When I was young the liturgical season of Advent played a big role in my formative liturgical consciousness. It was, after all, the countdown to Christmas and the arrival of Santa down the chimney, that time when reasonably good behavior at home held promise to a glorious Christmas morning. Advent was the season of judgment in Santa’s allotment of toys. [Perhaps therefore the Church identifies Advent as a penitential season.] Later, as I matured out of such childhood musings, I learned to appreciate Advent as a season that begins on Thanksgiving weekend with the annual Ohio State-Michigan college football finale. Wherever you stand on the Advent consciousness meter, be reminded that the season starts next week. Covid or not, the Church calendar remains the same. The First Sunday of Advent marks the beginning of the Church calendar every year. The vestments next weekend will be purple.
I am writing this on November 23, the day after the celebration of “The Solemnity of Our Lord Jesus Christ, King of the Universe,” the final Sunday of this liturgical worship year. For much of my adult life this observance had the simpler title of “Christ the King.” All three annual cycles of Sunday readings end with a description of the last times, the Second Coming of Christ, and focus upon the eternal destiny of every human. In the 1970 revision of the missal, the feast of Christ the King was transferred from late October to the end of the liturgical year in late November, and paired with the year’s final Sunday, popularly called “Last Judgment Sunday” in the old days. Sunday’s scripture readings were all apocalyptic or future oriented, as are the readings for this feast in Cycle B [St. Mark] and Cycle C [St. Luke] years.
For years I have heard preachers deliver essentially the same sermon on Christ the King: Jesus is not like other kings. My pastor put it this way when he said that “Jesus was not the warrior people were hoping for.” That interpretation is as old as the days the first editions of the Gospels were passed along to the early Christian assemblies around the Mediterranean. It is easy to take away from this interpretation that Jesus was a weaker king here on earth than the evil kings and princes of this world, but that at some distant point in the future Jesus would return from a spiritual world and have the last laugh.
Yesterday’s Gospel from Matthew depicts the coming of the Son of Man at the end of time, but this figure—whether intended to represent Jesus himself or his alter ego, the Son of Man—is not laughing. As Matthew puts it, "When the Son of Man comes in his glory, and all the angels with him, he will sit upon his glorious throne, and all the nations will be assembled before him. And he will separate them one from another, as a shepherd separates the sheep from the goats.” If anything, the judge described here at the end of time will do precisely what kings and princes have always done, exercise power by the measure of loyalty to what the king holds dear in his wisdom and vision. In our case here, the king holds the alleviation of hunger, the welcoming of isolated foreign immigrants, the clothing and housing of the poorest, and the fair, humane treatment of the sick and prisoners as the hallmarks of his kingdom, and we will be judged on this parameter of attitude and behavior. Citizens of this kingdom who do not share the intentions of the king will hear: “Depart from me, you accursed, into the eternal fire prepared for the devil and his angels.” This scenario sounds very much like the exercise of power earthly kings, which might be what St. Matthew has been trying to tell us over these many centuries.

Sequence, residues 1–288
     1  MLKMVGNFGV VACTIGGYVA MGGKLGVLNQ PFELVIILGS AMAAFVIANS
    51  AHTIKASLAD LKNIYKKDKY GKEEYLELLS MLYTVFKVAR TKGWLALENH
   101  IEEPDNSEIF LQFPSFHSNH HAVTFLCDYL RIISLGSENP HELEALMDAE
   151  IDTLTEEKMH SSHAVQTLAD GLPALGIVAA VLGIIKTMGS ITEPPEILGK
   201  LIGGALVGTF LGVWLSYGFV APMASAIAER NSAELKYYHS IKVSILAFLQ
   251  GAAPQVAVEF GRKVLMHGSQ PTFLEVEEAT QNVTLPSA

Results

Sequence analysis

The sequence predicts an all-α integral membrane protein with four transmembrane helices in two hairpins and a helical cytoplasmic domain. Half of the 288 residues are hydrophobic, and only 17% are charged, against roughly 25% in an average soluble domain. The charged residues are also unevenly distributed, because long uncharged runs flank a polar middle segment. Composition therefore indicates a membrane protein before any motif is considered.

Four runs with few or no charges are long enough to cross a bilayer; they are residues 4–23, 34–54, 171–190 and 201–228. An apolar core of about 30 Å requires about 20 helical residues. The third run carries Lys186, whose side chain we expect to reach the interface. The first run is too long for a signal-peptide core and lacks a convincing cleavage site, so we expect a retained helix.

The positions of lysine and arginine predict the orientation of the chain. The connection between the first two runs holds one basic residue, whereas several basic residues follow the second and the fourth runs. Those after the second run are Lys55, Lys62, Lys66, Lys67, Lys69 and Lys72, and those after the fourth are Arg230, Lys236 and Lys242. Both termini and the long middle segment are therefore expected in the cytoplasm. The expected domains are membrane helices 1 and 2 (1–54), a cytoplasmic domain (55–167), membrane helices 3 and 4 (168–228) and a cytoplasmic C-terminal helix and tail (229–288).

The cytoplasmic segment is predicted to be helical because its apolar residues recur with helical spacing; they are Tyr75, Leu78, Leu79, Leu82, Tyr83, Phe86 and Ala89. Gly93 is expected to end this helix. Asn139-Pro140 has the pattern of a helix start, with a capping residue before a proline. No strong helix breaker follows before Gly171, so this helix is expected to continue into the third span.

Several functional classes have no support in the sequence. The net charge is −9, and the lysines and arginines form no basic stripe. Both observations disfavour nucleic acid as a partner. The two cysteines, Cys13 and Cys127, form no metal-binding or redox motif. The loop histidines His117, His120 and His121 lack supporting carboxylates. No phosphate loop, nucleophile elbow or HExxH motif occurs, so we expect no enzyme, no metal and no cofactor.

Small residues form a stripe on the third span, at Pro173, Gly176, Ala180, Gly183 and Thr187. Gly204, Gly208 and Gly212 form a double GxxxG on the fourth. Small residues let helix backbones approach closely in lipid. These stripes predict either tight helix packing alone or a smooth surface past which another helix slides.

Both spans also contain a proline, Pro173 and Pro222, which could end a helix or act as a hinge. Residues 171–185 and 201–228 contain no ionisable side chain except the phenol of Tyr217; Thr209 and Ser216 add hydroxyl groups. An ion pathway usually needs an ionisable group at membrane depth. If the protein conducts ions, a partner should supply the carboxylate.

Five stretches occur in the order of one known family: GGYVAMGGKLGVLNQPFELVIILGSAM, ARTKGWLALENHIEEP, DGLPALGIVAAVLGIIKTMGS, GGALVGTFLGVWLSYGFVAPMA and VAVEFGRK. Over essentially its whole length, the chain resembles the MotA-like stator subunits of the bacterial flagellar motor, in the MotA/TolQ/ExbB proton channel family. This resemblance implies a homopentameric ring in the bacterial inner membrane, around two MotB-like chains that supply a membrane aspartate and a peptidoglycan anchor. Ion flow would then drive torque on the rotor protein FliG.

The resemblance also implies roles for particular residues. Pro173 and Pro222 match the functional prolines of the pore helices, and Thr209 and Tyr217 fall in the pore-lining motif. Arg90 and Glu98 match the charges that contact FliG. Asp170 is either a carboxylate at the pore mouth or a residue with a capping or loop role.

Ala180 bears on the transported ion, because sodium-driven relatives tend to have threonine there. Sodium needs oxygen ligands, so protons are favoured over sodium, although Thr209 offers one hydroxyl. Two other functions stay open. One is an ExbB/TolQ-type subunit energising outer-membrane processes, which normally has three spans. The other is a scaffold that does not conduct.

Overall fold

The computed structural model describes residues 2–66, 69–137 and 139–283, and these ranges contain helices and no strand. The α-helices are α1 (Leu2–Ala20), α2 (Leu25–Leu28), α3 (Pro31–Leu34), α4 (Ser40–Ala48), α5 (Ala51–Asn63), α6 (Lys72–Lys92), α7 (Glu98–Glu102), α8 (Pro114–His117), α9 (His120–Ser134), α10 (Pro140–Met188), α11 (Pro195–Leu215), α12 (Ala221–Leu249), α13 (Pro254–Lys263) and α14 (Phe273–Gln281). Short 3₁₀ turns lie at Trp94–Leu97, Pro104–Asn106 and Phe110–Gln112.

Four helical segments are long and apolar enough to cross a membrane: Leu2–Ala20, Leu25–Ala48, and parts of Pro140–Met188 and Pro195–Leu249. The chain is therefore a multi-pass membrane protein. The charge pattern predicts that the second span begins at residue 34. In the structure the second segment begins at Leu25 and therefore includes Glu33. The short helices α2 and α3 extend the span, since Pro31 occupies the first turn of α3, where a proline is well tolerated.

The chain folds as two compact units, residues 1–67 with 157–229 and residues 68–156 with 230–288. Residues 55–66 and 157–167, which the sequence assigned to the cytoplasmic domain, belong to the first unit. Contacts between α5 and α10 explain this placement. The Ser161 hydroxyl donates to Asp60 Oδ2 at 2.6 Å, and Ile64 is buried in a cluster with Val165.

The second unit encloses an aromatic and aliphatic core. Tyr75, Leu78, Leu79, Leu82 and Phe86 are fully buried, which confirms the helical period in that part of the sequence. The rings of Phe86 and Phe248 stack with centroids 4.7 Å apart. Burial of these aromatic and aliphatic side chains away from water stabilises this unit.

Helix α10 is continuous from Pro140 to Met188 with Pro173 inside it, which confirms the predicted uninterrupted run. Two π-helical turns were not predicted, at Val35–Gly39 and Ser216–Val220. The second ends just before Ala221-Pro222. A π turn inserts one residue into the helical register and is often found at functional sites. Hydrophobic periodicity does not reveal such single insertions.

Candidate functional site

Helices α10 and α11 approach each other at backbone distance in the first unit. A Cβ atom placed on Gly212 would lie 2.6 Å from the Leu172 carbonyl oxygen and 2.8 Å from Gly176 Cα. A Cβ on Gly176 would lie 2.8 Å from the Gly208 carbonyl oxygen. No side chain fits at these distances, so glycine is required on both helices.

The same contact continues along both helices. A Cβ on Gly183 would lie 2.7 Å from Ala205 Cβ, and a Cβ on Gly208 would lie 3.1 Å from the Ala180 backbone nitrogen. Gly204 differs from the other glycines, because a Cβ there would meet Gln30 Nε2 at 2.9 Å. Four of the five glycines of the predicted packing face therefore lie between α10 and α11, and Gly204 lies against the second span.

Christianity, from its earliest Jewish roots, has been a religion for grown-ups. The famous German Lutheran minister Dietrich Bonhoeffer, who was executed by the Nazis for an assassination attempt on Hitler, famously coined the expression “cheap grace” to describe the staid mediocrity of the mainstream churches. He wrote: “Cheap grace is the preaching of forgiveness without requiring repentance, baptism without church discipline, communion without confession, absolution without personal confession. Cheap grace is grace without discipleship, grace without the cross, grace without Jesus Christ.”
As we begin the observance of the Advent and Christmas seasons next weekend, it is critical to remember that these seasons are not the trail to Bethlehem but the road to Calvary. In 1978 the American biblical scholar Father Raymond Brown composed An Adult Christ at Christmas, a brief but informative collection of essays for adults that explains the Christmas narratives as predictive narratives of Christ’s passion. I will be describing Father Brown’s text in future posts, but for the moment let it suffice to say that he explains in his writing the methodology of unpacking the “Infancy Narratives” or the Advent-Christmas Gospel texts. From a “purely historical” perspective we know nothing of Christ’s birth, but thanks to Father Brown and the work of biblical scholars dating to the 1700’s we have a better understanding of what God intended in the revelation of these texts.
The danger of Advent is our tendency to recast it for children, both in catechetical style and preaching emphasis. As grown-ups, we should be awaiting a powerful appearance from God who comes to define and transform us. Our tendency, of course, is to join the children in awaiting a St. Nick figure who, at the end of the day, tears up our debit sheet and showers us with undeserved presents. In St. Mark’s Gospel, the text for Year B, Jesus preaches that the true disciple is one who takes up a cross and follows him. Our observance of Advent must reflect the One we await.